The deal, announced on February 24, will give the combined company production capacity of about 2.4 billion cubic feet of natural gas and about 250,000 barrels of oil and natural gas liquids per day. The new company, which will be called Devon Energy Corp and based in Oklahoma City, will be worth about $20 billion.
The move will give Devon Energy increased access to international assets and reserves through Ocean Energy’s activities in west Africa, Egypt, Brazil and Indonesia. “Combining our two companies creates a balanced portfolio, with North American and international assets, increased oil and gas production capabilities and greater internal growth opportunities through an active exploration programme,” said Devon Energy’s chairman, president and chief executive Larry Nichols in a conference call to announce the merger.
The merger will boost Devon Energy’s proven reserves to 2.2 billion barrels of oil equivalent, of which 84% will be in North America. Overall, 90% of the company’s worldwide production will come from North America.
Nichols will retain the positions of chairman and chief executive in the new company. James Hackett, currently chairman of Houston-based Ocean Energy, will become president and chief operating officer.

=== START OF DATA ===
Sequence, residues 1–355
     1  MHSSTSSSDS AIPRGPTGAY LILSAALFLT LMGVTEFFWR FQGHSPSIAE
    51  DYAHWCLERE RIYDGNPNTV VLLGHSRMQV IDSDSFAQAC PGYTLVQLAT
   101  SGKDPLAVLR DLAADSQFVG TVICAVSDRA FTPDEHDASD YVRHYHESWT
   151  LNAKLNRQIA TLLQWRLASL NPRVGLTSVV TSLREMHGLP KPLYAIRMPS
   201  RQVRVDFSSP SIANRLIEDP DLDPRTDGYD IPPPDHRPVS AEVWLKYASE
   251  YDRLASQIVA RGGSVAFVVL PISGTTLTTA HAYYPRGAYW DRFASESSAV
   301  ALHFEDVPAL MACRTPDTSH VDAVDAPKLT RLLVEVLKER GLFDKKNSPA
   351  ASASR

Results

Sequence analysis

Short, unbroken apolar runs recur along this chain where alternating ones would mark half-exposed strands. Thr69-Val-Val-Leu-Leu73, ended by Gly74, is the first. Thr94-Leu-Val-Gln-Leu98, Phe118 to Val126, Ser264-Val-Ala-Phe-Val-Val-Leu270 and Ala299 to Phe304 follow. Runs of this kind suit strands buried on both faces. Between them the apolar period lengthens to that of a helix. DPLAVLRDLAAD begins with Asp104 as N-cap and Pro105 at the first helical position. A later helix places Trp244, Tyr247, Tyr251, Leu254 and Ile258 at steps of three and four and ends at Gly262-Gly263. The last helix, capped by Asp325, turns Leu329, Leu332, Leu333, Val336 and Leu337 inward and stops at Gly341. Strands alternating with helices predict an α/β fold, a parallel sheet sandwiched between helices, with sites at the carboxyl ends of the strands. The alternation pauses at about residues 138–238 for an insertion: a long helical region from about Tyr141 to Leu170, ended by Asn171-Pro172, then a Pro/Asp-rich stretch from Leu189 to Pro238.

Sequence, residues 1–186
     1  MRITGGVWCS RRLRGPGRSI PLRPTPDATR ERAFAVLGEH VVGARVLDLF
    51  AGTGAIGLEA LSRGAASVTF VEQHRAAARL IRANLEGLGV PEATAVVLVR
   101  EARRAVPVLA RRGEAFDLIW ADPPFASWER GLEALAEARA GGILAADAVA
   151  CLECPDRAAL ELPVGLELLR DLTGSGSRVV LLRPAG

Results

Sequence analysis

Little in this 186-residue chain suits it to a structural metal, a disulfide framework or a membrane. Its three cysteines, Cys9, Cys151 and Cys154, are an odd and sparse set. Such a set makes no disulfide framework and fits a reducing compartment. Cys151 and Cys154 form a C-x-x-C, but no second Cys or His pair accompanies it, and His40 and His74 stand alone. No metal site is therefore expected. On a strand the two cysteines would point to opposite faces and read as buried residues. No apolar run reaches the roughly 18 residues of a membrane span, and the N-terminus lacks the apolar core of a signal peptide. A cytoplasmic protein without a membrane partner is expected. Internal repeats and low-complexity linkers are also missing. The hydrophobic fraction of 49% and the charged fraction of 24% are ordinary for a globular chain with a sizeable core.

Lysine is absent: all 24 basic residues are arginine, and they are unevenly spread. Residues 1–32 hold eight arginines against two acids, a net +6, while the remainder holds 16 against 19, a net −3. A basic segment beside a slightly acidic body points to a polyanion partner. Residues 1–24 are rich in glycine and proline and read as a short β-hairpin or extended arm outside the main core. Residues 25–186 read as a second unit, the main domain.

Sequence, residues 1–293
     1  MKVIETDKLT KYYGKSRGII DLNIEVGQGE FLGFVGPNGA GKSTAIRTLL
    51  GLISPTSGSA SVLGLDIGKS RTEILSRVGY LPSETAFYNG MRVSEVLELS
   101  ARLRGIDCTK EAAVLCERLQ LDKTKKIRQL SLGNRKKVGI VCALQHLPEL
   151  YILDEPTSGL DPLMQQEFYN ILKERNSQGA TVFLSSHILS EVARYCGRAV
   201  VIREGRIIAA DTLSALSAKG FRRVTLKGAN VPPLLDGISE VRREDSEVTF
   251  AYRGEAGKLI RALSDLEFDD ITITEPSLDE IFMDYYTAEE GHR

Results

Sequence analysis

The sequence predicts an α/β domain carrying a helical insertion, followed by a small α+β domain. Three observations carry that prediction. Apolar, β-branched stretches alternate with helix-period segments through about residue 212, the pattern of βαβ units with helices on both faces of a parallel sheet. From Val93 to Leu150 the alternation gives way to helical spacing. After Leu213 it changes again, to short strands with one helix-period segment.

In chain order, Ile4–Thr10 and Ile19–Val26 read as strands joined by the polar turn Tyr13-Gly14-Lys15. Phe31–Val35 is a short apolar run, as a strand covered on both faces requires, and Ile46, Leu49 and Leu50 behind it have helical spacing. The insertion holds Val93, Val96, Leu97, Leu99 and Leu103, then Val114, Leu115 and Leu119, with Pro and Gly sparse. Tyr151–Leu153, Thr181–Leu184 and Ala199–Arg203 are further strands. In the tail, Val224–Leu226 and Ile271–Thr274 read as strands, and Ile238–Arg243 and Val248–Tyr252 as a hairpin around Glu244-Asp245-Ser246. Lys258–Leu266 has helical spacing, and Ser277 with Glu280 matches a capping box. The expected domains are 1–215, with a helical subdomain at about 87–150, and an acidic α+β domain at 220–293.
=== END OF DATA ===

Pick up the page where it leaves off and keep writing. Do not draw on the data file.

Hackett said in a statement: “This merger provides a commodity mix weighted positively towards North American natural gas and creates a better balance between exploration and exploitation, minimising the risk associated with high-impact exploration.” Ocean Energy’s international exploration projects are considered higher-risk by analysts than the US and Canadian natural gas production that forms the core of Devon Energy’s output.
The merger has been approved by the boards of both companies and will be put to shareholders in the near future. If shareholders vote in favour, the merger is expected to be completed in the second or third quarter of 2003, say the firms.
The week on Risk.net, December 9–15 2017Receive this by email